If you spend the lump sum you have saved up in your 401(k), that’s it, it’s gone, you’re out of retirement money.

Beyond that, though, “the key difference I think of in terms of costs and risks are that the traditional company pension, the [defined benefit], place a lot of cost and risk on the employer and the 401(k) style defined contribution transfers the cost and risk to the employee,” Brooks said.

For people who have a pension, “your only risk is that the company will freeze it or won’t live up to their promises if they go into bankruptcy,” she said. And though there are protections, both for people with public and private sector pensions, that is still a risk, she said, “especially these days.”

Is one objectively better?

On the surface, in a lot of ways, a pension sounds better. But it’s a little more complicated than that.

It comes down to your work habits. Are you going to stick with one company for most or all of your working life? Or are you more likely to bounce around every few years?

“If people continue to do like they did in the old days, to go to one employer, remain with that employer for life, then it’s much better to have the old fashioned pension plan,” Munnell said. “That arrangement doesn’t work well if people are moving in and out of jobs.”

In general, Rhee said, pensions are better. Unless “you’re a younger worker and you don’t know that you’re going to stick it out with this employer for the long haul, then the 401(k) might be a better option, because pension benefits are backloaded,” she said.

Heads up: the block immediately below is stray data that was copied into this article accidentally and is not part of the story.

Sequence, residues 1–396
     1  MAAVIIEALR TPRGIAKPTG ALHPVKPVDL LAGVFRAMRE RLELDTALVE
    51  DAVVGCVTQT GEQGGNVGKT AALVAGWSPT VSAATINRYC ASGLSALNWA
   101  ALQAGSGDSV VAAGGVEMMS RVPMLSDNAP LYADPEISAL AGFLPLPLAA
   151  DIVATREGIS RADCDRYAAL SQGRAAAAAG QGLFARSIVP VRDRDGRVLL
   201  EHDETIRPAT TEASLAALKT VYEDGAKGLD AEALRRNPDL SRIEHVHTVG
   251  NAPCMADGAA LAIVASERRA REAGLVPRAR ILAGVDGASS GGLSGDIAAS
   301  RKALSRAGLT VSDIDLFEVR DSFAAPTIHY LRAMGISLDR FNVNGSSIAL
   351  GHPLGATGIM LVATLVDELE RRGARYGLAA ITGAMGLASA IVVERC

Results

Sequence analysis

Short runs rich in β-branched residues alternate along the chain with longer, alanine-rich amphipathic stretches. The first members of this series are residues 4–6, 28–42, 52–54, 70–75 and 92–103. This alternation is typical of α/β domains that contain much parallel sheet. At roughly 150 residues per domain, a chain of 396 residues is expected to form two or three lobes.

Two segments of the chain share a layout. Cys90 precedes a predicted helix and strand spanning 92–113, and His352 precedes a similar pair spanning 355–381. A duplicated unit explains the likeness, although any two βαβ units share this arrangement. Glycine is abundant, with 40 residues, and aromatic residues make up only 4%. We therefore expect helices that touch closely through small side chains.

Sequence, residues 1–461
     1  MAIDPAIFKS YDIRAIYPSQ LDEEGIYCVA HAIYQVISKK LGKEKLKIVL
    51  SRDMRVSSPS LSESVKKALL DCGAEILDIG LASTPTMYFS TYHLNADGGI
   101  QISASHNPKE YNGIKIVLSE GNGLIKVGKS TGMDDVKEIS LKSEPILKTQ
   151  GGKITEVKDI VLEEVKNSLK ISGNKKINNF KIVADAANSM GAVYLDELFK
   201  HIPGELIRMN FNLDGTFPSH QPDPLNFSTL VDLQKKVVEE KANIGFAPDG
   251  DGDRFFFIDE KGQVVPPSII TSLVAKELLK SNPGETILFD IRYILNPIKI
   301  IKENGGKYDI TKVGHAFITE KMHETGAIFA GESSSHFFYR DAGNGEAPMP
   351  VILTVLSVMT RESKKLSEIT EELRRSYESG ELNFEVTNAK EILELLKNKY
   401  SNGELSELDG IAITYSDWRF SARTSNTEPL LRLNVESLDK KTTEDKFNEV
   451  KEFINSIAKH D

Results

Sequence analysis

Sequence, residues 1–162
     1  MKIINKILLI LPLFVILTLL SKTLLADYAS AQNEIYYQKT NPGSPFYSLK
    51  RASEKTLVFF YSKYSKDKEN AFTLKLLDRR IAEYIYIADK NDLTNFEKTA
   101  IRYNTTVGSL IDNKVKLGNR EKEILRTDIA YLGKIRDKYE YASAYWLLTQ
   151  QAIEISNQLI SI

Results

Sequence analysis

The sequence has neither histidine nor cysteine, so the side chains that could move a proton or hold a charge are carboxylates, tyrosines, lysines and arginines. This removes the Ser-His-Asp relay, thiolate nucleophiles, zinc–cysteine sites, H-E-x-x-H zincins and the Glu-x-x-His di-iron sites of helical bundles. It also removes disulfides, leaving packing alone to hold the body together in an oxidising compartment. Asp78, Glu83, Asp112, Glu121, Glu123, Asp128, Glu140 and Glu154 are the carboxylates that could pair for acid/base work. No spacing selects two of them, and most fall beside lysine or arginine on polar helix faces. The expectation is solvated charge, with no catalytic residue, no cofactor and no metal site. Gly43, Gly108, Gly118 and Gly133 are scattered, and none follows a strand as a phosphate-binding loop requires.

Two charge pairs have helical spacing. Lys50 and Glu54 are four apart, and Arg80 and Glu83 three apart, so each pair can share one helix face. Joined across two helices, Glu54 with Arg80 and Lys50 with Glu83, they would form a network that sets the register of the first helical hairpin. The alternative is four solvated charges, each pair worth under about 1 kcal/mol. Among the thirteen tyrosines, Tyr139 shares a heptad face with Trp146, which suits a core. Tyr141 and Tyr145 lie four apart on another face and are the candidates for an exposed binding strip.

Fewer people these days do stay with one employer for decades, and the disappearance of pensions in the private sector has likely played a role in that trend, according to a 2016 AP-NORC survey. It found that of those who had been with one company 20 years or more, two-thirds had a pension. Among those who’d switched jobs more often, only a third had a pension.

Big picture, the move away from pensions and toward 401(k)s has made a lot of people less secure in retirement, according to Brooks.

“The traditional pensions gave a lot of people a lifetime of economic security in retirement. Which most of our contemporary middle-class workers are kind of struggling with right now.”

Is the system working?

Very few people would say that the retirement system in the U.S., as it exists today, is working well for most Americans.

“One of the things that’s very important to remember when you’re talking about both pensions and 401(k)s is that we’re talking about actually the lucky people in our society,” Munnell said. That’s because roughly a third of people working in the private sector, have no access to an employer-sponsored retirement plan of any kind.

That, she said, needs to change.

“One goal, I think, should be that all workers have some way to save for retirement it through their payroll deductions, because that’s the only way people save.”

Another thing that she thinks needs to change? The risk needs to be shared.

“It really doesn’t make sense, in some sense to have a retirement plan where one entity bears all the risk,” she said. “The way we had it originally was that we had employers bearing all the risks. Now we have a situation where employees bear all the risk.”

Neither, she said, is sustainable. But she also doesn’t expect that to change in the foreseeable future.